Experts from the world of visual special effects have met the next generation of tech enthusiasts to celebrate the start of DigiFest’s week of public events. 

California-based Ben VonZastrow, technical lead of Tippett Studio, the special effects masterminds behind films such as Jurassic Park and Star Wars, met pupils from Bridge of Allan Primary who were visiting to get a taster of the experiences planned for the week’s celebration.

DigiFest is highlighting Scotland as a global leader in digital innovation in the heritage sector. The public events take place from today to Saturday 20 at The Engine Shed, Scotland’s dedicated building conservation centre in Stirling.

Aimed at families, young people and tech enthusiasts, the activities will allow visitors to explore the latest technologies in areas including 3D modelling and printing, augmented reality, virtual reality, gaming, animation, robotics and coding.

Tippett Studio are leaders in digital special effects for TV shows, films, adverts, mobile apps and VR experiences for theme park rides. VonZastrow’s work includes credits on films such as Matrix Revolutions, Cloverfield and Teenage Mutant Ninja Turtles.

“Working in the entertainment field offers many rewards,” said VonZastrow. “But one of the greatest for me has always been the marriage of entertainment, art, and history in a way that not only opens up previously hidden or long-lost worlds to new audiences, but does so in a way that may take audiences by surprise – leaving them with a little knowledge when their only intent had been to be entertained.

“It was a delight meeting with the young people of Bridge of Allan Primary and it’s great to see DigiFest giving young people access to technology which can safeguard the built environment around them.”

One of the many masterclasses on offer will see Tippett animator, David Lauer, showcase Tippett’s experience of creating Star Wars’ iconic ‘Holochess’ stop-motion monster puppets in the 1970s and then re-creating a digital version for this year’s Solo instalment of the franchise. Visitors inspired by the talk can make their own stop-motion animation films.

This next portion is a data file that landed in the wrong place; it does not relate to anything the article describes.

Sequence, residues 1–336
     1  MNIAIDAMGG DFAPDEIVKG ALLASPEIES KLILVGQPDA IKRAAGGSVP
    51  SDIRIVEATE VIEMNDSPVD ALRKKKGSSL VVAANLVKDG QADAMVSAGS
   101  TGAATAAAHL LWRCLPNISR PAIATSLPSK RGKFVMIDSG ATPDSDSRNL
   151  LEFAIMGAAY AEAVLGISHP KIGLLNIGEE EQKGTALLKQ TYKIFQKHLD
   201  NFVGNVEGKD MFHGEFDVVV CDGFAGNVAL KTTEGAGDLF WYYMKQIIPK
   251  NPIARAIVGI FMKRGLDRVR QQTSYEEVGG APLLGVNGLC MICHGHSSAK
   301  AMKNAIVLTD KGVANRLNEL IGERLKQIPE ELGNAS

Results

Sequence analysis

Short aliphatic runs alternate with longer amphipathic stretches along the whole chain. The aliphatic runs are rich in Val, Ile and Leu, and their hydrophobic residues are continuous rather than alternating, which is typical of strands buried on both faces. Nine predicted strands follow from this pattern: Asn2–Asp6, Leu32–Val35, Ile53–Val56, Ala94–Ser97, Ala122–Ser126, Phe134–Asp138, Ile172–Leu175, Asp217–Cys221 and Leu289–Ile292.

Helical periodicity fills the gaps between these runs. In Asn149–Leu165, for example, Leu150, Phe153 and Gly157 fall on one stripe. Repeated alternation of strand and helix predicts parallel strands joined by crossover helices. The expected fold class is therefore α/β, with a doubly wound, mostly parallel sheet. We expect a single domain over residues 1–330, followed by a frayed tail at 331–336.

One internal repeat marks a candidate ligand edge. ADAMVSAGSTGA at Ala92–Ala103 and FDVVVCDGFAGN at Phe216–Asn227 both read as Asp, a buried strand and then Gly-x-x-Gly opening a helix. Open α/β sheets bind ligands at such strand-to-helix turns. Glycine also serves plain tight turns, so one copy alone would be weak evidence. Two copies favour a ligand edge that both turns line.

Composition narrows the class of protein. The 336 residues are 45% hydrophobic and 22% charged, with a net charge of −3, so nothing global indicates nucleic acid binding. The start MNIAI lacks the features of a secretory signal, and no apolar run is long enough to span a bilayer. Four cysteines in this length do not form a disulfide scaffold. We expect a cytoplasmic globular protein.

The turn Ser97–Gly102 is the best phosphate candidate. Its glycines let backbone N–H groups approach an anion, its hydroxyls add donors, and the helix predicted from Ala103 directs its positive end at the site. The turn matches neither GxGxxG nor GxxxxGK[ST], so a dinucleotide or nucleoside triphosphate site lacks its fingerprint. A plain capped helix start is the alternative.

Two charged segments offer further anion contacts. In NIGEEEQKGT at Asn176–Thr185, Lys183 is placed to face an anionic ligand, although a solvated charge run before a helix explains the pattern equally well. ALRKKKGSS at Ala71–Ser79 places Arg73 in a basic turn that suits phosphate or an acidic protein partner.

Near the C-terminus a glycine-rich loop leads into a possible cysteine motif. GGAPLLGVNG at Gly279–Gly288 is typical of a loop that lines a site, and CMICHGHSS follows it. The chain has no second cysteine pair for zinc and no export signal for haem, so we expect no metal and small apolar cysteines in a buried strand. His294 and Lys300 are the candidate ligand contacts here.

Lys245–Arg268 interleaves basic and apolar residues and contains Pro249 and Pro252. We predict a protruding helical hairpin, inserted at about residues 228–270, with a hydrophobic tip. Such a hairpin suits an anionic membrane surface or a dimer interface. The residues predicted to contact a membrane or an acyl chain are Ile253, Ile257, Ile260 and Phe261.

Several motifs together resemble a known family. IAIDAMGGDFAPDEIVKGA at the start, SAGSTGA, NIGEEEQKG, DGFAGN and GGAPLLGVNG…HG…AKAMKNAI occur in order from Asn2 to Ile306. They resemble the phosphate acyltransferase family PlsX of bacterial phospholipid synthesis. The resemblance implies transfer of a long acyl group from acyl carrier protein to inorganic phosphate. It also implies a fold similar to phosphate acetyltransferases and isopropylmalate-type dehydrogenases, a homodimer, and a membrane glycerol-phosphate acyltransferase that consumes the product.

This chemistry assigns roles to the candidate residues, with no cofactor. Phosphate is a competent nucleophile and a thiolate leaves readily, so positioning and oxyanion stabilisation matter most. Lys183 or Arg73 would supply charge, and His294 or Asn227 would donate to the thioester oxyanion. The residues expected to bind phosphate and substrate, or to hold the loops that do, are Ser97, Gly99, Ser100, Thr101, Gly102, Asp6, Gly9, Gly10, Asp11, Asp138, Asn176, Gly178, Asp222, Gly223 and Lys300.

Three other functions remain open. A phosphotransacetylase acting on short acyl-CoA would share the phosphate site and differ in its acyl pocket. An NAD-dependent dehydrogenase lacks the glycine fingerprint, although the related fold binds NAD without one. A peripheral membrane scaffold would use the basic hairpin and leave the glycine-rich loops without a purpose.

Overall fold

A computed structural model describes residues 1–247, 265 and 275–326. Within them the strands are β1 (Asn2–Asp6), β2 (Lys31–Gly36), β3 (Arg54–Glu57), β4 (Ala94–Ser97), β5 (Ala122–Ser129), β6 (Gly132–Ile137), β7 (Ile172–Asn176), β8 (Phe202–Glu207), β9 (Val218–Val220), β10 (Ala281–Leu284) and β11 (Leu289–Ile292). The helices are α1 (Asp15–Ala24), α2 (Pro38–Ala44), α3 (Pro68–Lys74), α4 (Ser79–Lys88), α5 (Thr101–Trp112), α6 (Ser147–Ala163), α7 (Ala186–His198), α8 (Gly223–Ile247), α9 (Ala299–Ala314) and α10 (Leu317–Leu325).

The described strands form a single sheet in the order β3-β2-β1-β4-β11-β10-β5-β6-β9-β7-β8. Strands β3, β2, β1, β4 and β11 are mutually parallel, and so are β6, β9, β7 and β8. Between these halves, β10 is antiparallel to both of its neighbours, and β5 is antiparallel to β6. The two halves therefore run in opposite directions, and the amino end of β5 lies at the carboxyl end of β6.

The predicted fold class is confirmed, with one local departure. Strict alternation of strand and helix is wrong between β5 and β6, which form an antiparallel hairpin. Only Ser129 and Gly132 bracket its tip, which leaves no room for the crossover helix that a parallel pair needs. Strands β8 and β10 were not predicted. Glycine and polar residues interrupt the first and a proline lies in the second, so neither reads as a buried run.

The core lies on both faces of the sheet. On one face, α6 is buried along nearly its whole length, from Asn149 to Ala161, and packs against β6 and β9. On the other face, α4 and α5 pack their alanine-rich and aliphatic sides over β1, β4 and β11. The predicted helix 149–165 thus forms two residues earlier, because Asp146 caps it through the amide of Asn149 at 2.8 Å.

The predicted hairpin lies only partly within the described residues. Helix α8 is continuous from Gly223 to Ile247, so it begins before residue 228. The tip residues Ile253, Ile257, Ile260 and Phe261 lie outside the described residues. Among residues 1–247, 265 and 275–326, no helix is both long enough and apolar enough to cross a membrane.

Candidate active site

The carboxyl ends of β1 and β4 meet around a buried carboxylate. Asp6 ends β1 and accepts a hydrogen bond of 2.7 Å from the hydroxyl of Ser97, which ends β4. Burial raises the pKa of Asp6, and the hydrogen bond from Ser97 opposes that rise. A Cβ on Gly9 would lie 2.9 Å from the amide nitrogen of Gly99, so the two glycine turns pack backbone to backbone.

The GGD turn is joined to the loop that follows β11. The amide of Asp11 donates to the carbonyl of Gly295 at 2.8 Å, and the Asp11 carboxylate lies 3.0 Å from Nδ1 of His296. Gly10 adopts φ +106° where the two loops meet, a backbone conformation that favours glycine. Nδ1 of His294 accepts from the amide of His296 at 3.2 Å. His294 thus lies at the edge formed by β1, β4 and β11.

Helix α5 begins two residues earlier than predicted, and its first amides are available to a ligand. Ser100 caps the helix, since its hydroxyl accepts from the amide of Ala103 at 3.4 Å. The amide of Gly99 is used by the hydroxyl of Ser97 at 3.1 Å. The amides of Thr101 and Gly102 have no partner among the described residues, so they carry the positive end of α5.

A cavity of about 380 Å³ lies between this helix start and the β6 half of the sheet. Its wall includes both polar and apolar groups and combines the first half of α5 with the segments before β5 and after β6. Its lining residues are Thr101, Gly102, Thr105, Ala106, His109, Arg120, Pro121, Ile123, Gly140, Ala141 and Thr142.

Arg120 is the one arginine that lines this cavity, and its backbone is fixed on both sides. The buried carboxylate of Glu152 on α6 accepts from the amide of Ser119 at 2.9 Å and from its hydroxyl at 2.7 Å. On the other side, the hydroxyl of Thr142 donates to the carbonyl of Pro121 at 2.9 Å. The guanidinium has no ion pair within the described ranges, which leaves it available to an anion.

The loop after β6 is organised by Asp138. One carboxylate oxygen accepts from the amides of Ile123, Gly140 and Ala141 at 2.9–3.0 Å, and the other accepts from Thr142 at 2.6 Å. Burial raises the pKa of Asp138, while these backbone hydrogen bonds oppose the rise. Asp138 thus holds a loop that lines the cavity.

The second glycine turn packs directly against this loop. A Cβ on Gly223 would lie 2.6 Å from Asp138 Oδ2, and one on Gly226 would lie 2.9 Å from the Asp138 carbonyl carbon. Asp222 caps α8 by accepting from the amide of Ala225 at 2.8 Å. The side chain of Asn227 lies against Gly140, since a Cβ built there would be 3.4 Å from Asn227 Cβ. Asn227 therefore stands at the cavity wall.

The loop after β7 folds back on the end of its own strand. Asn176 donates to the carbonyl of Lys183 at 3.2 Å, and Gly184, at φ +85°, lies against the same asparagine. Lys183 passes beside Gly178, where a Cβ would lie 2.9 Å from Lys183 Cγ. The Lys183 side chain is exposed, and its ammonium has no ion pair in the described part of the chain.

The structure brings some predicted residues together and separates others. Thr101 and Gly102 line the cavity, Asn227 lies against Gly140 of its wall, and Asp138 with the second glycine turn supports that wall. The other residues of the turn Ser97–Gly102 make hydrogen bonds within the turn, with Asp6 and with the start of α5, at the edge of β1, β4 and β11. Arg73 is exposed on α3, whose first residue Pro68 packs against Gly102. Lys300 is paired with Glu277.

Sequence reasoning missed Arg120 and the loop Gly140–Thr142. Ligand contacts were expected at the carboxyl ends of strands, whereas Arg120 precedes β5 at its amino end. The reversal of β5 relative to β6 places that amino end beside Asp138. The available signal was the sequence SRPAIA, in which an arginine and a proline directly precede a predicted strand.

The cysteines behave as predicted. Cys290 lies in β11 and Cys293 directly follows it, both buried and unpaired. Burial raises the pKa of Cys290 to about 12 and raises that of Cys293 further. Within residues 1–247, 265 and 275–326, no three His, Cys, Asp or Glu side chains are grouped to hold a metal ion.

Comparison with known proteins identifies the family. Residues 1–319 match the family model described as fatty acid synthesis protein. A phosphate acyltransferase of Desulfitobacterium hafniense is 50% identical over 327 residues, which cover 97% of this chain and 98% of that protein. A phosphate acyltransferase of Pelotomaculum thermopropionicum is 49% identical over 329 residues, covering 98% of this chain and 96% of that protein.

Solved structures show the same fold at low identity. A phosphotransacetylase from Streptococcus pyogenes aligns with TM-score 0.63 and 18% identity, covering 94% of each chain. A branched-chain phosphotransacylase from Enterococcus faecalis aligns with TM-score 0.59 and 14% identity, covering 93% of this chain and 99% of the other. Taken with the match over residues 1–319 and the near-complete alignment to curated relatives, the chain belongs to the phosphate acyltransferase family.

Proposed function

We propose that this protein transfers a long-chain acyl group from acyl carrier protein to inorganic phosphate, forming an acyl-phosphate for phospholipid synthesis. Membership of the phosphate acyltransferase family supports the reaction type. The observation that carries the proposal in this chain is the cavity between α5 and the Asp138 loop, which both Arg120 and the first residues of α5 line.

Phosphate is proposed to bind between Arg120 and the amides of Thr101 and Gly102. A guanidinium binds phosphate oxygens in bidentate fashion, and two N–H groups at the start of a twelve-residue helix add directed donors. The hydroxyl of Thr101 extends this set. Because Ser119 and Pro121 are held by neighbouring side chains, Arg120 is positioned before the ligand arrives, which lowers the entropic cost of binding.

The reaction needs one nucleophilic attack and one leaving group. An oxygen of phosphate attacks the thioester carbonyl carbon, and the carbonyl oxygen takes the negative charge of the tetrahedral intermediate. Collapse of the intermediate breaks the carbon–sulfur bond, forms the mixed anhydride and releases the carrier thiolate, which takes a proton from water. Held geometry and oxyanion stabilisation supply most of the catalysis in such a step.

Dorothy Hoskins, technical outreach and education manager at the Engine Shed, said: “While advances in technology are allowing us to conserve, monitor and care for our historic sites and buildings with ever-increasing efficiency and effectiveness, these same innovations are also making heritage more accessible than ever.

“New online platforms and developments in digital technologies are enabling people to inspect historic sites and artefacts from anywhere in the world, while a combination of digital documentation and animation allows for accurate recreation of historic environments which can be explored through cinema and gaming.

“The response so far to DigiFest has been superb and we look forward to a week packed with unique experiences for families.”

DigiFest will offer a range of activities for visitors to get involved in, including demos of action-adventure video game Assassin’s Creed and the chance to hear more about the technologies behind it from the game’s historical researcher, and robot races with Sphero SPRK, a robot toy which teaches children how to code.

Launched by Historic Environment Scotland in July 2017 as a central hub for building and conservation professionals and the general public, The Engine Shed has seen a highly successful opening year, welcoming over 15,000 visitors and winning a number of awards.

The establishment of a public-facing facility, which includes a large scale interactive map allowing visitors to explore over 2000 years of Scotland’s history through the power of augmented reality, aims to engage the next generation with our historic environment and the value of protecting and preserving it.

The full programme for DigiFest, can be viewed here.